Monday, February 1, 2016

Tutorial: How to Make Token Box Labels


How to Make Token Box Labels

As you've no doubt seen, I like sorting my tokens and other game pieces into boxes (see here). While I never finished my degree, I am also a bit of a graphical designer. As such, I like to do projects in Photoshop and Illustrator from time to time to scratch my graphics itch.

Over the years, I've made all sorts of digital art. MAME arcade cabinets overlays, custom covers for video games, a few labels for glasses, and a bunch more.

Then it came time to store the X-Wing Miniatures Game, which had easily over grown it's original box. Since then, I've redone those original covers, and a few other boxes with custom labels. I think it's safe to say that I've perfected my technique for making them.

Now, is as good a time as any to share what I've learned with everyone else.

For this tutorial, I'll be using the Husky #1000 022 676 box and Ninja All-Stars by Soda Pop Miniatures.

Items you'll need:
  • Photoshop (or another graphic editing software)
  • Gloss Spray Varnish 
  • Spray Adhesive
  • Glossy Brochure Paper
  • X-Acto knife
  • Metal Ruler
  • A Game in Dire Need of Organization
  • Artwork
A few notes before we get started:
- I use Photoshop 7 for all my label work.
- You want a fresh hobby knife when you begin cutting the label. If its dull from cleaning minis, it will tear the paper, instead of cut it.
- Images found online are usually low resolution and unsuitable for print. If possible, try to scan your own images at at least 200 dpi. You'll get better results and the finished product will look much more professional.

Step #1
Box Set Up

Toss all your tokens in the box and make sure it'll handle everything.


Step #2
Label Prep

Carefully remove the label from the box. If at all possible, you want it in one piece. Luckily the label on the Husky boxes seems to be low tack and comes off nicely. Stick this label to a piece of paper and be sure not to wrinkle it.



Step #3
Create Your Label

I could go into all of the steps to design your label. But that could become a how-to post all on it's own. Instead, I'm going to give you a few tips in this step to help make it better.
 
  • With the sticker mounted onto paper, scan it into the computer. Scan the file at at least 200 dpi. As long as you stay at the same resolution, you won't need to resize it to fit properly.
  • If you're using Photoshop, use the pen tool to make a tracing of the label. Then you can use it to frame in your new pictures better.
  • Remember, you can scale an image down to a lower resolution without issue. But you cannot scale up an image to a higher resolution.
  • Its best if you can scan your logos and images from the game's book or box. As pictures found online are usually 72 dpi, and will print slightly blurry. Unless you find a wallpaper that you can scale down to the label size.
  • If you're using a Ink Jet Printer, set the file to CMYK mode, if you're using a Laser Printer set it to RGB instead.

Step #4
Print Your Label

Print the label on glossy paper. I use Brochure paper, as its a bit thicker than regular printer paper and starts out glossy. Make sure you set your printer settings to Specialty Paper, Best Quality.



Step #5
Label Prep

With the label printed, let it dry for a little while. I usually wait about an hour, just to be safe. Then spray it with gloss coat.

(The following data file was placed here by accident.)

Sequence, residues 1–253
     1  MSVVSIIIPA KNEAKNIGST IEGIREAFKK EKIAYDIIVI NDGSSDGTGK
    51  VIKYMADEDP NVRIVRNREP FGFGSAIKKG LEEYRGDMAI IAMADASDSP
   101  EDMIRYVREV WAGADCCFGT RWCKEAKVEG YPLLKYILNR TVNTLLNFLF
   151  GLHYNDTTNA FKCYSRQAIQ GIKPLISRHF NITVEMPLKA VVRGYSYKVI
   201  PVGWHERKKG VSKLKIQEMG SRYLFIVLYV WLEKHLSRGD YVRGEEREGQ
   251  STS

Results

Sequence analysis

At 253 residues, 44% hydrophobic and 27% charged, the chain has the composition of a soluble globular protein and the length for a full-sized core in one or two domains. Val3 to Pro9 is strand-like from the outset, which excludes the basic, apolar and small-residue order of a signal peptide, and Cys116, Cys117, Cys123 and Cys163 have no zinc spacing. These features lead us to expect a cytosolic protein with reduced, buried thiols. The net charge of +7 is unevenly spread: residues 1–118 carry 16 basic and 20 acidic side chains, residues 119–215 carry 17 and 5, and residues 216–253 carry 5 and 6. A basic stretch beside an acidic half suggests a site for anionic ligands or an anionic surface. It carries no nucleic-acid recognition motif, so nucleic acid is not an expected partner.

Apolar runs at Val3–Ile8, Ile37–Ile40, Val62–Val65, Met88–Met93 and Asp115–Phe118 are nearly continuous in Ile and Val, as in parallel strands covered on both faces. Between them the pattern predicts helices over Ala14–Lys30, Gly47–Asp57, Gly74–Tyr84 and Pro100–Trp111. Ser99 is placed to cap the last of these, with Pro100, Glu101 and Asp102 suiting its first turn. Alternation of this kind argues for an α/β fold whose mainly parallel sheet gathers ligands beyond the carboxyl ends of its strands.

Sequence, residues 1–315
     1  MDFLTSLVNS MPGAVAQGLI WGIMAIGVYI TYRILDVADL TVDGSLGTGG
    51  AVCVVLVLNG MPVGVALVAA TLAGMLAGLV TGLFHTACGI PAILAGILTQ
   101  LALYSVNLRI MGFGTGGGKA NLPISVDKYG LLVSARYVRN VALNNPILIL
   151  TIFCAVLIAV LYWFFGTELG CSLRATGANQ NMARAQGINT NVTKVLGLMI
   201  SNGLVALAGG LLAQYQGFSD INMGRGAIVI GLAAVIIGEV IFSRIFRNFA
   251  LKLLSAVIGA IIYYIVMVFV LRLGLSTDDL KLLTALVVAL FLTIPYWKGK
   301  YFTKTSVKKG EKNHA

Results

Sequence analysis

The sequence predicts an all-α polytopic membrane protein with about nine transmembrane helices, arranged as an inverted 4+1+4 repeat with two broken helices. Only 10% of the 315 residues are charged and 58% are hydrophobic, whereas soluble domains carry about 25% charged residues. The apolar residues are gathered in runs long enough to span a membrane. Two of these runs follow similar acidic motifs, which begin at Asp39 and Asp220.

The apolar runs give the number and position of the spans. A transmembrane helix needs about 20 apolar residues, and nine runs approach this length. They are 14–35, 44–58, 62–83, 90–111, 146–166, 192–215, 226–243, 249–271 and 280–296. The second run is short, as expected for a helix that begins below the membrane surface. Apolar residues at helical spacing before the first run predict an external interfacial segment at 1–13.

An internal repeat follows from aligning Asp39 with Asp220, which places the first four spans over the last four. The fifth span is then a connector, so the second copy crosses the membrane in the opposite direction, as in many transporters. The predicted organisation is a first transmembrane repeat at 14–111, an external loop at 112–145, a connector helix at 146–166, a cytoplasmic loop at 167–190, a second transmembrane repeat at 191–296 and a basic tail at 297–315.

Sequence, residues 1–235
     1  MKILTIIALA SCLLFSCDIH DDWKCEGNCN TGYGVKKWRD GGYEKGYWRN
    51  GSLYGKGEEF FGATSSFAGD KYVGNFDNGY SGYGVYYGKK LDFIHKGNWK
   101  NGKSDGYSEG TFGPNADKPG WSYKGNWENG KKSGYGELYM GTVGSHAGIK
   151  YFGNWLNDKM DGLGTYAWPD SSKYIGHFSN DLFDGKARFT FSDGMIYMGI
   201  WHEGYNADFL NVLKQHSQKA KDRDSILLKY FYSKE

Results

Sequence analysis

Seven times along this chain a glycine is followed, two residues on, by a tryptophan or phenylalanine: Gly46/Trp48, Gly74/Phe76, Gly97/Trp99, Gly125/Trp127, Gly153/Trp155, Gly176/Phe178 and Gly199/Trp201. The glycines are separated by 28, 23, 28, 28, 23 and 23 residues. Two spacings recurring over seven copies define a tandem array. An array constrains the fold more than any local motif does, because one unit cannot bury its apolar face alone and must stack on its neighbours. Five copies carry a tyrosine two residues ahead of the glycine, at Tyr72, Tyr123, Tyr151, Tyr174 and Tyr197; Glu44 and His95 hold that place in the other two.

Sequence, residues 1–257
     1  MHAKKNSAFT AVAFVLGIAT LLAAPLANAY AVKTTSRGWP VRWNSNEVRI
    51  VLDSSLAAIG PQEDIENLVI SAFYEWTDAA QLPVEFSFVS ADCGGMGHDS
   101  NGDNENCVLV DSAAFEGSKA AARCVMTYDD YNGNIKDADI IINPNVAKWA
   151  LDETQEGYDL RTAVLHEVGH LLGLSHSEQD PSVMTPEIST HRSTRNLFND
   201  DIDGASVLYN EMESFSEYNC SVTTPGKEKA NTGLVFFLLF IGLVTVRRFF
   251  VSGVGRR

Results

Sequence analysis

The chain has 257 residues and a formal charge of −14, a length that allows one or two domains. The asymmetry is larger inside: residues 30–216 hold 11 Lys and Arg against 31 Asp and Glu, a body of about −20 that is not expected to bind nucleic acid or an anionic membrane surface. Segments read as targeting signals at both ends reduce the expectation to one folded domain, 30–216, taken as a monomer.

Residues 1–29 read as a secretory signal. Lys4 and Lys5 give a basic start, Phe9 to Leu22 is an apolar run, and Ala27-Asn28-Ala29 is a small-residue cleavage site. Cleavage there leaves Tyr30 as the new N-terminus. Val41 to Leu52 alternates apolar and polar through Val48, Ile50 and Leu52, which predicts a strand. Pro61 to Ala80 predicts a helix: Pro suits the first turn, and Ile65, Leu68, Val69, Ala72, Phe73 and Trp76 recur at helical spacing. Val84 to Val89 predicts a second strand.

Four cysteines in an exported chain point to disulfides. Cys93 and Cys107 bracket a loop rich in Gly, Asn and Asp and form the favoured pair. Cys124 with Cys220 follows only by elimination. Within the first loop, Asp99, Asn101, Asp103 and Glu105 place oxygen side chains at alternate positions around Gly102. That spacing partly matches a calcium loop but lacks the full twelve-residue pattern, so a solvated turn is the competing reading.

Don't lay it on too thick. Instead, spray an even coat and then respray it again. I usually spray mine 3-4 times until I have nice even glossy coverage.

If it's not even, you'll see spots where the label isn't as glossy. Hit those spots with more gloss to fix it.



Step #6
Cut it Out

Cut the label out with your hobby knife and a ruler. I always use a metal ruler, rather than plastic or wood. It doesn't get dings in it and you don't have to worry about the blade digging into the edge.

If the label has curves in it, try cutting them with scissors instead of the knife. You'll find it's easier to get a smooth edge that way.

Side Note: On this label I went an extra step and masked off the center section and resprayed it with matte varnish to give it a partially matte, partially gloss finish.

With the label all cut out, test fit it to make sure it'll lay properly.


Step #7
Apply Glue and Adhere to the Box

Unfortunately, my camera doesn't like taking pictures of white paper on top of white paper so there's no pictures for this step. So I'll just do my best to explain.

Next up, we lay the label on top of some scrap paper and spray it with glue. Again, don't lay it on too thick. You want a light, even coat on it. Just dust the glue spray over the backside of the label.

Then grab the edge of the scrap paper and curl it up slightly. The label should lift up a little bit and then you can pick it by the edges.

Be careful not to get glue all over your fingers.

Finally, we lay it on top of the box and smooth it all out. Just line up one corner or edge together and slowly lay it down.



And that's it!

You now have a swanky new token box with a nice glossy label that looks great! No more cheap looking homemade labels for you. Plus the glossy coating with help protect the ink from rain droplets or the tears of your recently crushed opponents.

As always, feel free to comment below. You can also catch my antics on Twitter @ryglore.

Thanks for reading!

2 comments:

  1. Nice tutorial! Your labels always look fantastic. I've never made a box like this, but someday I just might need to.

    ReplyDelete
    Replies
    1. Thanks buddy! I really dislike a thousand zip baggies in my game boxes. That's why Twilight Imperium 3 has 5 boxes inside of it haha.

      I may have minor OCD issues.

      Delete